Based on a beloved classic and steeped in Sara Benincasa’s darkly comic voice, Great has all the drama, glitz, and romance with a terrific modern (and scandalous) twist to enthrall readers.”

I think that the idea of retelling The Great Gatsby—regarded by many as THE great American novel—is an incredibly bold one and one that’s probably pretty likely to fail.

Sara Benincasa, though, succeeded admirably.  What makes this work so well is that she kept the general Gatsby framework but made this novel absolutely succeed on its own merits.

This novel almost reads like a melding of Gatsby and My Fair Lady (or Pygmalion, for the purists).  Watching Naomi turn from herself into a carbon copy of the Hamptons teens she used to make fun of was a very interesting twist to this novel.  There are fantastic nods and references to Gatsby but at the same time, this is enough of its own story that I didn’t read this and go, “Oh, this is the part where…”

Great is amazingly fun and…well, great.  (I know, but sometimes you have to take the easy shots.)


BEA Quests, Part 2

To see my earlier BEA quest post, click here.

BEA info is starting to come out, slowly but surely.

Jodi Picoult is going to be at the author tea (for audiobooks), so I hope that her new book will be at BEA.  (It’s out this fall.)

We know that Megan McCafferty will be signing her second Jessica Darling middlegrade book, and that’s such a must-grab for me, you don’t even know.

We know that Amy Poehler (!!!!!) will be there on Saturday, which gives me hope that she’ll be there at least one other day, too.  I know she has a book out (I think in October) so maybe she’ll be signing that?

Also, and finally, I found out that RL Stine’s return to the Fear Street series will be at BEA.  I can’t even adequately express how excited that makes me.

The other breakfast guests were announced and it seems like BEA is going super-heavy on the celebrities (Neil Patrick Harris and Anjelica Huston at one breakfast; Jason Segal at the Children’s Author breakfast; Alan Cumming, Martin Short and Lena Dunham at the third).  Now yes, each breakfast has non-celebrity authors but they’re definitely endangered this year.  There have always been celebrities at BEA (Chris Colfer, Bernadette Peters, Julianne Moore, for example) but this year, they’ve gone overboard.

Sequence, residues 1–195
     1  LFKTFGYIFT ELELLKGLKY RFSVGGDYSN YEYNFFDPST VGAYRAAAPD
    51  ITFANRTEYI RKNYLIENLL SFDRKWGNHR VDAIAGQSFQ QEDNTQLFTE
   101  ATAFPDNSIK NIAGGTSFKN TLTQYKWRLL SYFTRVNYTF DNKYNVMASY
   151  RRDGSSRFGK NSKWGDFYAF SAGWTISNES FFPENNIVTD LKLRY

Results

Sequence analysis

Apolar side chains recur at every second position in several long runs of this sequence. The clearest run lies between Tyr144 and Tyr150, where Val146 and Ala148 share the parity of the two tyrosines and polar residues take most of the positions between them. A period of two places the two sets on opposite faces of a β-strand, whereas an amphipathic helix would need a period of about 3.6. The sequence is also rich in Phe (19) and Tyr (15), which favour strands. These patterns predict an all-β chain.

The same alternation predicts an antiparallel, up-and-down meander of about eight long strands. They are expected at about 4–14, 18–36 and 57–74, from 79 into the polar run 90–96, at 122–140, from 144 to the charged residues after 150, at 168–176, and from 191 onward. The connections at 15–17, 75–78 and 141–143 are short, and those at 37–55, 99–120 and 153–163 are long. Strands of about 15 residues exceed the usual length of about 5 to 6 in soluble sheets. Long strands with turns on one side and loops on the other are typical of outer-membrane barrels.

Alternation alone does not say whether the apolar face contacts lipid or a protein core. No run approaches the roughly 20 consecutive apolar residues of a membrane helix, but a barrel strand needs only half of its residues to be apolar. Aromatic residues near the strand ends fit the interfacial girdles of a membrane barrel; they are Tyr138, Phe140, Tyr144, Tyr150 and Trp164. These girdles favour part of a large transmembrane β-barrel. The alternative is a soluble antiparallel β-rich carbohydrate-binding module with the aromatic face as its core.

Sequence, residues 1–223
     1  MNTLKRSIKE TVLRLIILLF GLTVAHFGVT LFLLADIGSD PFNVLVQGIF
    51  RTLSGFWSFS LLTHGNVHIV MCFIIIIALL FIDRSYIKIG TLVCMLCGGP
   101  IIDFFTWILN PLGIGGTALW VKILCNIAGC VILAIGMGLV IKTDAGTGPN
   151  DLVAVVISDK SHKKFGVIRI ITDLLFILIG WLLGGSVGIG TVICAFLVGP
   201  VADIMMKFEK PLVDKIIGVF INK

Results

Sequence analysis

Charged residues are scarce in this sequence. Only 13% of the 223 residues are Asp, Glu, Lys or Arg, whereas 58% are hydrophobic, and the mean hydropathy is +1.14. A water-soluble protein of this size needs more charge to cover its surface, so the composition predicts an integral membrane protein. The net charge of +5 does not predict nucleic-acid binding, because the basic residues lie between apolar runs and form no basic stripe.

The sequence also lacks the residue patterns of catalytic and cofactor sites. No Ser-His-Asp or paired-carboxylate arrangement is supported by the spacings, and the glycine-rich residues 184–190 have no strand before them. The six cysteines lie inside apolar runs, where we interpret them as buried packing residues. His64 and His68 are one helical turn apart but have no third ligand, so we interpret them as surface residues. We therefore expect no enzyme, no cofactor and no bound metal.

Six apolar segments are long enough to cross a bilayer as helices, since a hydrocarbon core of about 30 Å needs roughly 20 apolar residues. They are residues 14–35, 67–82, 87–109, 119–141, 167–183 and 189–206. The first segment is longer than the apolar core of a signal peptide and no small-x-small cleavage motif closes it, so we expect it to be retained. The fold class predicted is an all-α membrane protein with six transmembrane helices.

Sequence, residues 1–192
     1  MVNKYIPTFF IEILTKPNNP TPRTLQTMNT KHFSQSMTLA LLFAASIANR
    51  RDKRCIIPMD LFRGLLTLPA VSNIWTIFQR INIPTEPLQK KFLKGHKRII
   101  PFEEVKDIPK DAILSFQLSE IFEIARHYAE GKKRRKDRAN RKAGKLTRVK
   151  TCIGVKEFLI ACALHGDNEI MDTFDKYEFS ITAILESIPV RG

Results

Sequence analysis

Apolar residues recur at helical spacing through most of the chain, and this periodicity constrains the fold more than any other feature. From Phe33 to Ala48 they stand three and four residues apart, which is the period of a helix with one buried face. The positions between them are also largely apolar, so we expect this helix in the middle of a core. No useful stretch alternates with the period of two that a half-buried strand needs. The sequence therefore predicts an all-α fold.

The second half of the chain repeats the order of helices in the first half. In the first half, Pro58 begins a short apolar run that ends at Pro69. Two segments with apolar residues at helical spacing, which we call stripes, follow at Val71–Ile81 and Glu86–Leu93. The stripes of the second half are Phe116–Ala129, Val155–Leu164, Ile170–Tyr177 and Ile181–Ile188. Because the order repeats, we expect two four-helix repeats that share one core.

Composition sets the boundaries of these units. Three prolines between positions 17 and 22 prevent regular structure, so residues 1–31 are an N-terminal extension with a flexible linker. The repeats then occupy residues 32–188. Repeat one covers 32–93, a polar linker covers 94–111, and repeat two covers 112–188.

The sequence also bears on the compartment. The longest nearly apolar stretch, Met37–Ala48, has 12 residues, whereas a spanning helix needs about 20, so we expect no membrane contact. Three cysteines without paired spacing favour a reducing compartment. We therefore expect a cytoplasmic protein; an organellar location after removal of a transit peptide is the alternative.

I’m excited to get their books, of course, but I’m even more excited for the actual authors.

Life as a Publicist (Update 1)

The first book I’m doing for Spence City is Elements of Mind by Walter H. Hunt.

Elements of Mind

Summary (from Amazon):

“In Victorian India, a Scottish doctor, Dr. James Esdaile, finds a way to use the power of mesmerism to aid him in performing surgeries, using a remarkable artifact that enhances his abilities. The revocation of the promise to bring the artifact to Rev. William Davey, the head of the secret Committee of English mesmerists leads him to commit suicide in the center of the Crystal Palace…but that is only the beginning of the story. Davey’s pursuit of the object leads him across two continents, unfolding the story that has its origins two decades before – and reveals the secret world of the -chthonoi-, the elemental spirits that were banished from human lands in antiquity, and now want to find a way to open the Glass Door and reassert themselves in the world of men.”

This is so great and so incredibly creepy.  I can’t wait for this book to be released and for people to get to read it.

The best/worst part is that many parts of this book are real. That statue? The object that is at the heart of all the problems?  That’s real.  (Ask Walter; he’ll tell you ALL ABOUT IT.  Even if you don’t want to know because you like being able to sleep at night.)  ;)